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FOR FURTHER INFORMATION CONTACT:

Shane Guan, (301)713-2289.

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SUPPLEMENTARY INFORMATION:

The subject permits and modifications are requested under the authority of the Endangered Species Act of 1973, as amended (ESA; 16 U.S.C. 1531 et seq.) and the regulations governing the taking, importing, and exporting of endangered and threatened species (50 CFR 222-226).

File No. 1420: A notice of receipt of an application from Dr. Douglas Peterson to conduct scientific research on shortnose sturgeon was published on March 11, 2003 (68 FR 11533). On September 2, 2004, a scientific research permit was issued to Dr. Peterson to conduct scientific research on shortnose sturgeon (69 FR 55797). The permit authorizes Dr. Peterson to capture, measure, weigh, passive integrated transponder (PIT) and Carlin tag, tissue sample, and release up to 200 adult sturgeon annually from Altamaha River, Georgia. Additionally, Dr. Peterson is authorized to internally radio-sonic tag up to 30 sturgeon annually. Dr. Peterson now proposes to increase the annual capture of sturgeon from 200 to 1,000 due to a revised population assessment suggesting that the shortnose sturgeon population in the Altamaha River is probably at least ten times larger than previously thought. This permit expires on September 30, 2009.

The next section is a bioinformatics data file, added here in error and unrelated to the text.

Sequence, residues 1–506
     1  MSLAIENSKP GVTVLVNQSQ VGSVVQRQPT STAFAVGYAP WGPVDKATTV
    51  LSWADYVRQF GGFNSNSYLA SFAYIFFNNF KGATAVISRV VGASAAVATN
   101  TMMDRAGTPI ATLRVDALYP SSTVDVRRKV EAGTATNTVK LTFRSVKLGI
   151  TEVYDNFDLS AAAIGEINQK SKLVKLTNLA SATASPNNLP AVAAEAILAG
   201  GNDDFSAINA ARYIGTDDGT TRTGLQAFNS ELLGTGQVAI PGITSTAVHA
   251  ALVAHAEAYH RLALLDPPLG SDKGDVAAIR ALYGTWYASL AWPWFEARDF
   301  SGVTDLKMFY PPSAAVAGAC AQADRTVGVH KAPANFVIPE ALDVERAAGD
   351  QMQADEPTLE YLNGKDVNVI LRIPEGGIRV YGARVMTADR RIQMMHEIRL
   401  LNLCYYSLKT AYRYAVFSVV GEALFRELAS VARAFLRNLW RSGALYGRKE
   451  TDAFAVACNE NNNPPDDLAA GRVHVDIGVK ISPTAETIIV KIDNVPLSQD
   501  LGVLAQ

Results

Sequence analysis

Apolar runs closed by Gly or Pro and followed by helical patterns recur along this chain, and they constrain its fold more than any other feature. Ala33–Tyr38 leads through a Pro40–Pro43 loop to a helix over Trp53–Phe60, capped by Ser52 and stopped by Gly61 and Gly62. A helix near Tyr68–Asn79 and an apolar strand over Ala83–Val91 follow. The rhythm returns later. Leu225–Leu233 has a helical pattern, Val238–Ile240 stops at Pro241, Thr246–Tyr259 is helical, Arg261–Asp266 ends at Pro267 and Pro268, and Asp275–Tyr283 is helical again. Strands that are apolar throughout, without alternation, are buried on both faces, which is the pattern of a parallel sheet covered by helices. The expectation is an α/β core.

File No. 1543: Duke Power Company proposes to conduct a study of shortnose sturgeon in the Wateree River, South Carolina, as part of the Federal Energy Regulatory Commission's 2008 relicensing process for the Company's Catawba-Wateree Hydropower Project. State and federal regulatory agencies have requested a shortnose sturgeon use-survey of the Wateree River. Three shortnose sturgeon would be captured annually via gill nets set every other week in the early spring along the Wateree River when water temperatures are 9 - 15 oC. Captured fish would be weighed, measured, scanned for PIT tags, and released. Untagged fish would be tagged by the South Carolina Department of Natural Resources. The permit is requested for a duration of 5 years, begining in February 2006.

File No. 1545: The North Carolina Zoologist Park has requested authorization to obtain and use ten captive-bred, non-releaseable shortnose sturgeon from the U.S. Fish and Wildlife Service's Warm Springs National Fish Hatchery for the purposes of educational display. The proposed project of displaying endangered cultured shortnose sturgeon responds directly to a recommendation from the NMFS recovery outline for this species. This sturgeon display would be used to increase public awareness of the shortnose sturgeon and its status. The proposed project would educate the public on shortnose sturgeon life history and the reasons for its declining numbers. The permit is requested for a duration of 5 years.